Did It All Before Deleted Scene: The Reverse Cab Ride (or, The Case to Keep Moving Forward)
Kill your darlings, right? But why? What if I’m really in love with what I wrote? What if I can’t picture the story progressing any other way? What if there will be a hole in my story without the piece in question?
Sometimes pace can be the issue. Here’s an example of an edit that was tough to do, but was necessary for pace. I’ll call it “The Reverse Cab Ride.”
As readers of Did It All Before know, Scott and Jason finally become transparent about their feelings for one another in Chapter Thirteen. After a year and a half of stops and starts, doctor/patient restrictions, and relationships with other people, our Main Character and his Love Interest are finally together! They hold hands, kiss, and Scott invites Jason back to his place. Their cab ride from the park to Scott’s flat was one of my favorite paragraphs to write. After all, it was the payoff! They were boyfriends! At (very) long last, their passion was finally set free, right there on the page, for the reader to enjoy!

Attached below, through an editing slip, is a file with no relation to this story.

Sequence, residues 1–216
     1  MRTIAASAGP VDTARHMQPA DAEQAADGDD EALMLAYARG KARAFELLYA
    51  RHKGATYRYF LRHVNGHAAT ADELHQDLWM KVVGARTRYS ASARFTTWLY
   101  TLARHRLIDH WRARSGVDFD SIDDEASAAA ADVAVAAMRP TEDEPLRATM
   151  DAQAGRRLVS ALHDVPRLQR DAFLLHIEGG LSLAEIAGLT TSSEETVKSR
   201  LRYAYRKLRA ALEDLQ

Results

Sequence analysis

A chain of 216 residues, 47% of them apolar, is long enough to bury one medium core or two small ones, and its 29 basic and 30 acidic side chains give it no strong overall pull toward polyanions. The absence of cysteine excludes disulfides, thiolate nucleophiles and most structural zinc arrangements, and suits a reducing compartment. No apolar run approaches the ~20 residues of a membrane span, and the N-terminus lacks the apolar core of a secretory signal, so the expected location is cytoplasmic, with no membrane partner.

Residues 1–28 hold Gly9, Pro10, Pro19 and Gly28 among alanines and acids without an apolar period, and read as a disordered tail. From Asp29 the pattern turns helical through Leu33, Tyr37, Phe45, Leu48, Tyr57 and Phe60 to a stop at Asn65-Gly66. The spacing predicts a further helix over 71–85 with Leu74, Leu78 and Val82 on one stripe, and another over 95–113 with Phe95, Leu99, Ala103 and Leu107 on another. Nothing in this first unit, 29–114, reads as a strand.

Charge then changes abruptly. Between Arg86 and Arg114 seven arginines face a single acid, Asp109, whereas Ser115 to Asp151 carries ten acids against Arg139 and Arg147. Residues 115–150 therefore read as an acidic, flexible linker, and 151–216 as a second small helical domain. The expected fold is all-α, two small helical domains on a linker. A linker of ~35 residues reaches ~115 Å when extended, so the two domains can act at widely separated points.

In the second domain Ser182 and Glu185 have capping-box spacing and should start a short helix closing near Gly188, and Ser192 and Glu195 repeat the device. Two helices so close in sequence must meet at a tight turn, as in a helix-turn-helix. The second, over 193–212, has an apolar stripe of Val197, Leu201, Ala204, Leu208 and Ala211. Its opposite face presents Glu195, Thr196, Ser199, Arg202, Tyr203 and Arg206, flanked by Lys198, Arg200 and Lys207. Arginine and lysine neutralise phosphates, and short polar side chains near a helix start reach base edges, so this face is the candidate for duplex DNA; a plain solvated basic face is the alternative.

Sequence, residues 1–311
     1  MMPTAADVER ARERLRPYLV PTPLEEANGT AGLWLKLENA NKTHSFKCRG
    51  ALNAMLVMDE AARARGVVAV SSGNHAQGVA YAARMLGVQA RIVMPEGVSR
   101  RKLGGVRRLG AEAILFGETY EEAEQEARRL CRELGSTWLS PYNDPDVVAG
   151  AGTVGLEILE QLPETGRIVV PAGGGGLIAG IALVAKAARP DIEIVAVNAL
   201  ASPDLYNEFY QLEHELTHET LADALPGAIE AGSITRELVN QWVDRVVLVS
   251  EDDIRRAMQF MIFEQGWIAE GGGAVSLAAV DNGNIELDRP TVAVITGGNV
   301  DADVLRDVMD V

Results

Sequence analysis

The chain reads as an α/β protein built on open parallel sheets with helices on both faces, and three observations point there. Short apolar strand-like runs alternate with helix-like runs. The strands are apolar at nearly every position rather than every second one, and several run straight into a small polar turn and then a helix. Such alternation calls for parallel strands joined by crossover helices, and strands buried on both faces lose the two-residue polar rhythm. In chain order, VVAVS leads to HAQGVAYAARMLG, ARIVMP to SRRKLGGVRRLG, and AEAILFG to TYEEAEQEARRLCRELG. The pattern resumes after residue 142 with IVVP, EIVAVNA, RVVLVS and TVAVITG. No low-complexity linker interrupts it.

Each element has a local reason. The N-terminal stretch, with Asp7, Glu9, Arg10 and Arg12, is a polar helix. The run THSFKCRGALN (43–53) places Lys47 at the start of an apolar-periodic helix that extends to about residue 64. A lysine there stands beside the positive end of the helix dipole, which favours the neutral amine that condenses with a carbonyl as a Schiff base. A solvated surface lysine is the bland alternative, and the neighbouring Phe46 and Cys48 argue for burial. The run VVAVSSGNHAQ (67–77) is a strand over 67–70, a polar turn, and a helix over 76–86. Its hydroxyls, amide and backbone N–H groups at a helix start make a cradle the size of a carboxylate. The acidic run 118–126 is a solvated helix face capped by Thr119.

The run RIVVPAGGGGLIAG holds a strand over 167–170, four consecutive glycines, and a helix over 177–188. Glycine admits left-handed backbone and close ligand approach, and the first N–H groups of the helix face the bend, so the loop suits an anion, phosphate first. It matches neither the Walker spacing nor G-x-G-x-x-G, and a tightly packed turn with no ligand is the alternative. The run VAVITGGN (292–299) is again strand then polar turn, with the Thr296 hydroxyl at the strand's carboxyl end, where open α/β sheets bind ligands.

So why cut it?
It was about time and pace. As an early editor pointed out, once Jason and Scott admit their feelings for each other, there’s no need for an intermediate step between their first kiss and the consummation of their romantic relationship. The reader has been waiting (extraordinarily) patiently for them to be together, and the paragraph interrupting them on their way there feels like a frustrating delay rather than a build of excitement or tension. Getting them from Point A (the park) to Point B (Scott’s flat) seemed necessary, and I couldn’t imagine just skipping over the cab ride entirely. However, once I cut it, the the action moved forward smoothly and the boyfriends could finally get in bed, without the whiplash of going backwards in time.
I thought it would be fun for interested readers to compare one version to the other. Here’s the original:
“This is …” Scott chuckles, “home… Jason, we’re…” Scott yanks the keys out of the lock and tosses them toward the little table next to the door. He misses, and they go clinking to the floor.